Stross says this problem is unrelated to the issue being discussed by Bear and Sutherland, but it strikes me as quite related indeed – science fiction novelists seems to be chasing after literary validation, in part to escape that genre ghetto and in part to broaden it. Meanwhile, the sub-field of short story sci-fi seems to be weathering the transition to e-formats well – Asimov’s is ridiculously affordable, though there are complaints about formatting. And of course teh aforementioned compilations are great value for cream-of-the-crop – Dozois will release volume 29 this year which is an astounding milestone in and of itself – and the year retrospective he writes about the entire field is worth the price alone. I wonder how many other science fiction authors read it?

free books kindle my interest most

With my new Kindle, I’ve resolved to read a. more science fiction and b. spend as close to zero money on books as as possible (exceptions being books my wife or kids want to read). This does limit the options, of course, but since I have a lot of other things on my plate (including anime, which gets short shrift on this anime blog). In addition to Amazon’s awesome Lending Library program (for which authors are reimbursed), free ebook lending from local libraries (as long as you dont mind a long wait), and Project Gutenberg, I was also pointed to an amazing resource: the Baen Free Library, which offers numerous science fiction classics with no DRM. Of course as far as series are concerned they tend to offer the first few books only, and if you like it then you can and should go out and buy the rest. But it’s a great way to sample a lot of SF with no investment other than time.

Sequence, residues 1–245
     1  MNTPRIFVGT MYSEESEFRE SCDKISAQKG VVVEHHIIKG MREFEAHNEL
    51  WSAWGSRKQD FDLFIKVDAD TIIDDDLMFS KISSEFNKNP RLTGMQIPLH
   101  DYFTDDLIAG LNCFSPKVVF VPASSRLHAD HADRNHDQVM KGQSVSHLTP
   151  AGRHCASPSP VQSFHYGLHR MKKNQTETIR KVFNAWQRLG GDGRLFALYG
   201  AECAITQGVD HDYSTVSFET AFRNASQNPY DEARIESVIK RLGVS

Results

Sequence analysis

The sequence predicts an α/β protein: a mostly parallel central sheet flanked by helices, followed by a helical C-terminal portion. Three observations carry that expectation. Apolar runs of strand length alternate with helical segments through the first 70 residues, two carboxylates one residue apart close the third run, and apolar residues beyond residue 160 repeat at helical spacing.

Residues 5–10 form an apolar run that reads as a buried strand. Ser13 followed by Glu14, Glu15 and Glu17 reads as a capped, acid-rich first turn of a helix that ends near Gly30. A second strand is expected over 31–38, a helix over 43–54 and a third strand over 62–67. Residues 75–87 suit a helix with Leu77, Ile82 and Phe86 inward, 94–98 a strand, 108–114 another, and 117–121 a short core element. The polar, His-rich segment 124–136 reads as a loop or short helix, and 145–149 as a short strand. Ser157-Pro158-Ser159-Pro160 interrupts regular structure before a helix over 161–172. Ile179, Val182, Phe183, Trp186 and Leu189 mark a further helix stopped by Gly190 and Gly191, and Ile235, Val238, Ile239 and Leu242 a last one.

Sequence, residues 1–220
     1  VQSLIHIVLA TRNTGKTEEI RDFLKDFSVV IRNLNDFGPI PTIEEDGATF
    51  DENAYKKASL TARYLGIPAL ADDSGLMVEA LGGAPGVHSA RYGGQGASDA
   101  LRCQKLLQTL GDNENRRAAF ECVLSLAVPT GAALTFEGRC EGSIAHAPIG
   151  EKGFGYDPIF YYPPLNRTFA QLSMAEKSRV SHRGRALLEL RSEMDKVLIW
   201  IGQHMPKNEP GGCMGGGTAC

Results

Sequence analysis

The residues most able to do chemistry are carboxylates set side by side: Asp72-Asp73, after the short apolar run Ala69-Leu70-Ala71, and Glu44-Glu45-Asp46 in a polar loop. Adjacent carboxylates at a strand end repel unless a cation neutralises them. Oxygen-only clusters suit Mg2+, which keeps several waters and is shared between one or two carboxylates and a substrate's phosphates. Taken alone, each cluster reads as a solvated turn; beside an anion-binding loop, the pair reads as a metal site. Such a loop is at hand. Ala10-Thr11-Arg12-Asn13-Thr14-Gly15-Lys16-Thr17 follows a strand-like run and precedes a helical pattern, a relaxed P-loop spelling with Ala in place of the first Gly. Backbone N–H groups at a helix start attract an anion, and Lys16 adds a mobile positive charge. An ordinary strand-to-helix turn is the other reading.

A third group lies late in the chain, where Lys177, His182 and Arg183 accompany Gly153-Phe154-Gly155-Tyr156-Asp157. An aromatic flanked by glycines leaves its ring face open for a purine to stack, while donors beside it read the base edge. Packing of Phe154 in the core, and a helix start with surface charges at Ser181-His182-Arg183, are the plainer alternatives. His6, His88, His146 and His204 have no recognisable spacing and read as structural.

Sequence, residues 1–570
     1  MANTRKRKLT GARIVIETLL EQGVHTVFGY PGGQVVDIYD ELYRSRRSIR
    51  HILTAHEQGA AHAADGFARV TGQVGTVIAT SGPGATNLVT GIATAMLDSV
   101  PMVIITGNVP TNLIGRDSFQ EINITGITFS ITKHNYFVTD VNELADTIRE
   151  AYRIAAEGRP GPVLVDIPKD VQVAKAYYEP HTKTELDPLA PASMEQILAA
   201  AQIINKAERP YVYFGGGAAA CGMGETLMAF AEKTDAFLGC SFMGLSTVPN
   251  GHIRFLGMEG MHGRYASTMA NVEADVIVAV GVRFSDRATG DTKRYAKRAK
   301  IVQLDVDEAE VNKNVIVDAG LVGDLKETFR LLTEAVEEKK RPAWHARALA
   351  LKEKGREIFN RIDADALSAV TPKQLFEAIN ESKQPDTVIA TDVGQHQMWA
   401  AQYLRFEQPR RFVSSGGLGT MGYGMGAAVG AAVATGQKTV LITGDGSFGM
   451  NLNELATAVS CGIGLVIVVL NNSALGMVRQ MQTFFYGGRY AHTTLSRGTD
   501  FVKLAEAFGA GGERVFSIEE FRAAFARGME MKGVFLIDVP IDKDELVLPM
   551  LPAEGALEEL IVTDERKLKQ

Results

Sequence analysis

And lo and behold, Lois McMaster Bujold is on the list – with the first two books of the Vorkosigan saga. I’ve already torn through Warrior’s Apprentice and will polish off Mountains of Mourning on my elliptical this afternoon. All credit for the tipoff goes to Mark who has been steadily consuming the entire Vor saga. I find the character of Miles to be very evocative of Ender Wiggins in a few ways, and I wonder if Bujold was a direct influence on Card.